Originally posted at Briefing.com
A year that started with a bust sure does look like it will end with a bang. The major indices have been in a party mode since Election Day while the Russell 2000 specifically has been the life of the party.
The gains have been extraordinary. Since November 8, the Nasdaq Composite is up 4.4%, the S&P 500 is up 5.1%, the Dow Jones Industrial Average is up 7.1%, the S&P Midcap 400 Index is up 12%, and the Russell 2000 is up 15.7%.
It is a move that few, if any, people saw coming, which is exactly why it came.
Listen to Will the Bull Market Continue in 2017?
Can it continue? No one can say for sure, yet the prospects for a continuation look good on paper.
There are multiple factors working in the stock market's favor right now and one nagging factor working against a further extension. Nobody likes a nag, so let's get that explanation out of the way first.
Complacency is the nagging factor.
It seems that everyone went from fearing the election result to now cheering the unfulfilled prospects of pro-growth policies discussed in its wake.
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A market riddled with angst has been replaced by a market riddled with optimism. Nothing bad can happen into year end—or so it seems to be thought.
That confident mentality can be seen in the CBOE Volatility Index, which has collapsed in a move that suggests market participants see little need over the near term to hedge their portfolios for downside risk.
Coupled with a spike in bullish investor sentiment and a sharp drop in bearish sentiment, as measured by the American Association of Individual Investors, and you have a market feeling pretty good about itself right now. That understanding is concerning in the sense that when "everyone" is thinking the same, the opposite often happens.
A heightened level of bullishness, then, stands out as a bit of a contrarian red flag that could cause the post-election rally effort to lose some steam before 2017 dawns (the year, not the price level).
The Land of Plenty
So, then, what is working in the stock market's favor to keep the post-election party going? Plenty.
We see the following items as the primary sources of support:
- The reluctance to take capital gains before the end of the year as it is assumed there will be a cut in the tax rate on investment income in 2017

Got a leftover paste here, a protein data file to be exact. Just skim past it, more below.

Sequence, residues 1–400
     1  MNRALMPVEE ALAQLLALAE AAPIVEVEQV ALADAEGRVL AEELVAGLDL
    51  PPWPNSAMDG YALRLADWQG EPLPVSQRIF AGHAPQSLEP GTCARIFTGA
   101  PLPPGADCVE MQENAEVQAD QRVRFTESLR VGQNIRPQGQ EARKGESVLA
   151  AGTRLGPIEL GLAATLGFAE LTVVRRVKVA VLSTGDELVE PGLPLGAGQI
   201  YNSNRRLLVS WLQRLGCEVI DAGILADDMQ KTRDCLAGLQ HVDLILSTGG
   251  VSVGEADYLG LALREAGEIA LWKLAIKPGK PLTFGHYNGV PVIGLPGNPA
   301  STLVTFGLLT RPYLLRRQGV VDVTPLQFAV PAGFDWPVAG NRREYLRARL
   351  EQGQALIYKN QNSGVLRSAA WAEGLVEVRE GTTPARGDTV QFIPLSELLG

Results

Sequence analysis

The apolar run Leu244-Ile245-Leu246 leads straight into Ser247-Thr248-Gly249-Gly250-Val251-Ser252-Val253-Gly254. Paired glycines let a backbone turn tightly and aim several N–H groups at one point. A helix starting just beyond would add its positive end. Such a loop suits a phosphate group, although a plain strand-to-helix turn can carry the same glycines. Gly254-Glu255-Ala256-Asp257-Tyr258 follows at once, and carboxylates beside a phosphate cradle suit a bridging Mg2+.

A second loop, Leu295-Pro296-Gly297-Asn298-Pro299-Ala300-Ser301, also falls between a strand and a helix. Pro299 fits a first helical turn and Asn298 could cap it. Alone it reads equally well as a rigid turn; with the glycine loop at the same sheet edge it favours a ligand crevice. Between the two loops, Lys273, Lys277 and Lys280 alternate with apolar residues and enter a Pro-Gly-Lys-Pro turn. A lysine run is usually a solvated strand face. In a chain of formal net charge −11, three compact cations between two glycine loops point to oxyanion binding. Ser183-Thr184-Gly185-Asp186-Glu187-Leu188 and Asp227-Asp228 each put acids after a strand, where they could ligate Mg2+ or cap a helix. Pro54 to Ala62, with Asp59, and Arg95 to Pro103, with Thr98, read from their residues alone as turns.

- The month of December has been the best-performing month for the S&P 500 since 1950 with an average gain of 1.7%, according to the Stock Trader's Almanac. The S&P 500 is up 2.3% month-to-date as of this writing.
- The fear of missing out on further gains, which drives sidelined money into the market
- Underinvested money managers chasing performance in a last-ditch effort to secure annual bonuses
- The potential for an increased rotation out of the Treasury market and into the stock market
- The improvement in fundamental underpinnings, namely a pickup in both economic growth and earnings growth, which had been availing itself even before the election result
- The influence of the momentum trade, which is running in the stock market's favor
- A broadening of the participation and leadership in the post-election rally
- The reported eagerness to buy on a pullback by investors who have missed the rally
- An understanding that some known "scaries" have passed without a bearish response and the recognition that there aren't any known "scaries" into year end
- Brexit, the US presidential election, the OPEC meeting, Italy's constitutional reform referendum, ECB tapering chatter, and Fed rate-hike talk—they have all been digested with a stunning measure of bullish resolve
- An embrace of the "Trump put," as traders have visions of tax cuts, deregulation, infrastructure spending, and stronger economic growth in 2017 dancing in their head
What It All Means
The recent past performance of the stock market has been stunning both for its pace and magnitude.
Sure, there have been big rallies before, like the one following the Brexit vote, yet the key difference this time is that the market isn't rallying on a sense of relief that a worst-case scenario didn't unfold so much as it is rallying on the view that a best-case scenario of stronger economic and earnings growth may now be at hand.
That thinking has unleashed a rush of animal spirits that hasn't been seen in some time.
There has always been hope that such growth would be seen, but every six months or so, that hope has gotten reined in by some disappointing economic and/or earnings data, which of course resulted in the "Fed put" being trotted out as a placating influence for market participants.
Read Meet the 2017 FOMC
The Fed put seems less important these days, however, than the Trump put. Perhaps that changes as 2017 unfolds or perhaps not.
Everyone will find out eventually if this stunning stock market rally was a figment of the stock market's repressed imagination or whether it was everything it has been made out to be a leading indicator.
It's a festive time of year for many reasons, yet it has been especially so for the stock market, which we suspect will find more reasons than not to keep its party going into year end or at least keep it from getting busted in a big way in the absence of an exogenous shock.